JFK and One Giant Leap for Mankind

RTÉ 2fm radio presenter Rick O’Shea will be hosting a panel discussion tomorrow, Wednesday the 17th of July, at 7 PM, at the National Library of Ireland on JFK and his space exploration legacy. Panelists will include Karlin Lillington, Technology Journalist with The Irish Times, Dr. Joseph Roche of Trinity College and member of Trinity’s Astrophysics Group, and Kevin Nolan Lecturer at IT Tallaght and author of Mars as a Cosmic Stepping Stone.

Many thanks to the National Library of Ireland and the Festival of Curiosity for their help in coordinating this event! Visit the Festival at http://festivalofcuriosity.ie/ to see a list of their other events!

Featured image courtesy of JFKLibrary.org.: Shows JFK and First Lady viewing the lift-off of Astronaut Cmdr. Alan B. Shepard, Jr., on the first US manned sub-orbital flight.

 

 

July 12, 2013

JFK’s Irish Roots

JFK’s Irish Roots

Ever wonder about the Irish roots of JFK? The folks over at OurIrishHeritage.org have some great information on President Kennedy’s Irish history, as well as other interesting links, photo albums, and stories on JFK’s life and his visit to Ireland!

Check them out here:

Looking West from Galway Bay: A Celebration of John F. Kennedy’s Visit to Ireland

July 11, 2013

Panel Discussion Hosted by Ryan Tubridy

Panel Discussion Hosted by Ryan Tubridy

 

Tuesday evening the National Library held a fascinating panel discussion on JFK’s pivotal four day visit to Ireland in 1963. Panelists John O’Regan, Executive Producer for Current Affairs Special Events,  Liam Wylie, Curator of RTÉ’s JFK exhibition, and Godfrey Graham, award winning RTÉ cameraman were hosted by author and broadcaster Ryan Tubridy. These experts recounted experiences and stories that related the visit from the perspective of RTÉ. Tales were heard on nearly every aspect of Kennedy’s visit, commencing with the President stepping off the plane from Berlin to his final glance back at Shannon airport. The evening was peppered with intriguing insights that ranged from dealing with vast amounts of security to the difficulties in attaining the perfect photo angle.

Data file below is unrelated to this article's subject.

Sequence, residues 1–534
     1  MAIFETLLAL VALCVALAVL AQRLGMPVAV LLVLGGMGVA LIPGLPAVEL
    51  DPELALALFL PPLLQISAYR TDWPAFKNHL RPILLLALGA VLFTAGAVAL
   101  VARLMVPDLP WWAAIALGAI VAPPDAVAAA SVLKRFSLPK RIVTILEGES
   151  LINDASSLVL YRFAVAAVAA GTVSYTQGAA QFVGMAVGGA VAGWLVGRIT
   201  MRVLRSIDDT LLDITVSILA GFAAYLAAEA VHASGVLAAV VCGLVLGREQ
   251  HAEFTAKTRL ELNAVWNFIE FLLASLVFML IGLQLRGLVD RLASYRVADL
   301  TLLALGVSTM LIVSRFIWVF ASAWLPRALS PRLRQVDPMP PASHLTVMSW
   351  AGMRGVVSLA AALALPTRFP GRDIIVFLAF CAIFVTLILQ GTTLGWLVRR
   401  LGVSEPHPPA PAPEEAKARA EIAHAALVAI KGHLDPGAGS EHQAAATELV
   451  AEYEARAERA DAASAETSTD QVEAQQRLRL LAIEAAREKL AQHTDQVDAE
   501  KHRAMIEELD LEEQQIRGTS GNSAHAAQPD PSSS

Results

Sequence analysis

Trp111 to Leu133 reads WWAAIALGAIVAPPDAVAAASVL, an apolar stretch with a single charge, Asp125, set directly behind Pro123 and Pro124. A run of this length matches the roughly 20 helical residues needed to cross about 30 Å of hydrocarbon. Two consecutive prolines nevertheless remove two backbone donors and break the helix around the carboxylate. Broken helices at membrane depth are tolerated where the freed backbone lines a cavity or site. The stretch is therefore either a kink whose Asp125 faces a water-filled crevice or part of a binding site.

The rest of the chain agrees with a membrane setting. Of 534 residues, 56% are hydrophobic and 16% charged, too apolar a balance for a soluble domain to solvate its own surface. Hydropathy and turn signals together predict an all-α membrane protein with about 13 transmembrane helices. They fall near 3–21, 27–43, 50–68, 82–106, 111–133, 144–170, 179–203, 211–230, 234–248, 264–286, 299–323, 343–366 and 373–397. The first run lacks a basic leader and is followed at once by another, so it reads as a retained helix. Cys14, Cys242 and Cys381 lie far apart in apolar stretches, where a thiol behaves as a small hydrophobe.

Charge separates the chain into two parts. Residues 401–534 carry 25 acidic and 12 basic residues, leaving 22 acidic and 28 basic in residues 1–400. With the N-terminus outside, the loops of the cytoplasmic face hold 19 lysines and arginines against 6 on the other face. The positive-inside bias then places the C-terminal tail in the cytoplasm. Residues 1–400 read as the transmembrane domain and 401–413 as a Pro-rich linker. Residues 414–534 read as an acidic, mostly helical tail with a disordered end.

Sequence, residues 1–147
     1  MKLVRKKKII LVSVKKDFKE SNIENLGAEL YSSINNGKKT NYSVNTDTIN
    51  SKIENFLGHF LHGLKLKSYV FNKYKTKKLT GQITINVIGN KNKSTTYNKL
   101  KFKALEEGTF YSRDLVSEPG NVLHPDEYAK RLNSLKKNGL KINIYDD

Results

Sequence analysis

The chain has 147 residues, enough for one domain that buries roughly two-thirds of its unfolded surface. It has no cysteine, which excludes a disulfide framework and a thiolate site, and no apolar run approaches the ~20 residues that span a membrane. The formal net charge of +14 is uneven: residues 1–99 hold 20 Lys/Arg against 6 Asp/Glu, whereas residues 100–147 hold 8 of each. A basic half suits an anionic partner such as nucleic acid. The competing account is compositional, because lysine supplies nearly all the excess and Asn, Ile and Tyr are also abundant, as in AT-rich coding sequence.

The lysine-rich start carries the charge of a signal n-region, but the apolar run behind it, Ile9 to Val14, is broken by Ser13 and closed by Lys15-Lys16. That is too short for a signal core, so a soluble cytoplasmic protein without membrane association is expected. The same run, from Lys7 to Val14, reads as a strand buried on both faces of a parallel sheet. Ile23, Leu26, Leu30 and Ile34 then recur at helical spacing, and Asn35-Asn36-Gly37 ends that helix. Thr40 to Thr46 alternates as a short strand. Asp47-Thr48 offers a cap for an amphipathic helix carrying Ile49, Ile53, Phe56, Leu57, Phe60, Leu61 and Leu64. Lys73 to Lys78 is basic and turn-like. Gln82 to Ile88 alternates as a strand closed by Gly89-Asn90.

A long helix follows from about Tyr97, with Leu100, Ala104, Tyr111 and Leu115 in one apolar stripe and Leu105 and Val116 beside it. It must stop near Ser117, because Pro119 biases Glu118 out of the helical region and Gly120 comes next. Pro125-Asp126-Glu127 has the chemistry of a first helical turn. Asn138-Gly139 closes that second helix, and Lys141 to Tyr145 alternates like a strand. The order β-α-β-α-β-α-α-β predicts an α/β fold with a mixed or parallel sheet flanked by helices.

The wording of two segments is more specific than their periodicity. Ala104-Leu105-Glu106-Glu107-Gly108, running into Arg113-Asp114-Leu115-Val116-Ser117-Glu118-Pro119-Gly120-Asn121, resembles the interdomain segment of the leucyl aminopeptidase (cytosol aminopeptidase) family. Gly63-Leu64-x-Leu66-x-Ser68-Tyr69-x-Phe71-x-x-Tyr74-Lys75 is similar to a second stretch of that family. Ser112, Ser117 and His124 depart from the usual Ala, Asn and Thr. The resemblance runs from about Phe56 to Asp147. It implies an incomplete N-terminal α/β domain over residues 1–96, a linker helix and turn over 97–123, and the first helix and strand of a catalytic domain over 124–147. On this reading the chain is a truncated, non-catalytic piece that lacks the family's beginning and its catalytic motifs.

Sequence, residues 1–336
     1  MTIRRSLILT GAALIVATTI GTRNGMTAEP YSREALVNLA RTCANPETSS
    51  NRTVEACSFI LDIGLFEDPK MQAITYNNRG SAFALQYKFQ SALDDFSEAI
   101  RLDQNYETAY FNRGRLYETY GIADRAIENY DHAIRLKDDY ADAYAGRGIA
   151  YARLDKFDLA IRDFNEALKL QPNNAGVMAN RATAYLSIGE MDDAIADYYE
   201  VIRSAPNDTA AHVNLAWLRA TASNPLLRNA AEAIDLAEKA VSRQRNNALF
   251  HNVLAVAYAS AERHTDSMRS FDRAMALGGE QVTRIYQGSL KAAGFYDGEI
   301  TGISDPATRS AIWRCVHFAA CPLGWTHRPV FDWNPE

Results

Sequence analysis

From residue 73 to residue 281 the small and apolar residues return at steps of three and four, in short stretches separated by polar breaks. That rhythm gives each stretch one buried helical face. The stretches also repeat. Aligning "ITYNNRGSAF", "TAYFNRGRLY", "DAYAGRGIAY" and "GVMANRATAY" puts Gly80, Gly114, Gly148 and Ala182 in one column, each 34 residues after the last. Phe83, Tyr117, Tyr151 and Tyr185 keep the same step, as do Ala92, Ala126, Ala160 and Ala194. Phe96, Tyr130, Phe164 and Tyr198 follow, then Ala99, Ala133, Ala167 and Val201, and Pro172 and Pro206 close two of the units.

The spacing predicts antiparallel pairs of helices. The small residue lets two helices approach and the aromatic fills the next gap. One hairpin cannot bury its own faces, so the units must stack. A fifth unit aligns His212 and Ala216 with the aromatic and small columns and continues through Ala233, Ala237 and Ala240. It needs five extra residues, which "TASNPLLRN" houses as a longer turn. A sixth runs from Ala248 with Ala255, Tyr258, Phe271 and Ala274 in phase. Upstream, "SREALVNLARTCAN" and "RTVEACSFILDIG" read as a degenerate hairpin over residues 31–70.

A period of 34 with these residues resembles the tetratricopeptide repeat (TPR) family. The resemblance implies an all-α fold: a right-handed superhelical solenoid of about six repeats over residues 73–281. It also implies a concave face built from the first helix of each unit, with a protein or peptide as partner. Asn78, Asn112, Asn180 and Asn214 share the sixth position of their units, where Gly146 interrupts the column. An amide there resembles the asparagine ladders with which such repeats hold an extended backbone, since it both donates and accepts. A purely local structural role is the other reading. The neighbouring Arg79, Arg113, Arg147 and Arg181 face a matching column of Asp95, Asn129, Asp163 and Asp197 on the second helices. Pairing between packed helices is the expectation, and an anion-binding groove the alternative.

The talk was highlighted with clips from the RTÉ Archives. To see some of the amazing footage shown at the event, visit http://www.rte.ie/archives/. The next panel discussion will be held on the 17th of July at 7 PM at the National Library.This will be moderated by Rick O’Shea and will be on the space exploration programme as part of the Kennedy legacy.

July 9, 2013

President Kennedy in Ireland: RTÉ’s role in this historic visit

President Kennedy in Ireland: RTÉ’s role in this historic visit

President Kennedy in Ireland: RTÉ’s role in this historic visit – An RTÉ Archives discussion

Tuesday 9 July at 6 pm

Ryan Tubridy, broadcaster and author of JFK in Ireland : Four Days that changed a President will moderate a discussion on RTÉ’s role in this historic visit. The panel will include  John O’Regan, Executive Producer for Current Affairs Special Events,  Liam Wylie, Curator of RTÉ’s JFK exhibition, and Godfrey Graham, award winning RTÉ cameraman, integral to covering JFK’s 1963 visit to his ancestral homeland.

The evening will reflect on the four days that propelled Ireland into the international media spotlight; why JFK’s visit was a milestone in Irish history; the palpable charisma of the man as retold by a key cameraman of the time; how RTÉ managed this huge media undertaking including new insights from BBC documents just recently acquired.  The talk will be illustrated by film and audio from RTÉ’s Archives who have launched an online exhibition on JFK’s visit to these shores.
Free but Booking required book at learning@nli.ie or call us on  01 603 0340 to reserve a place.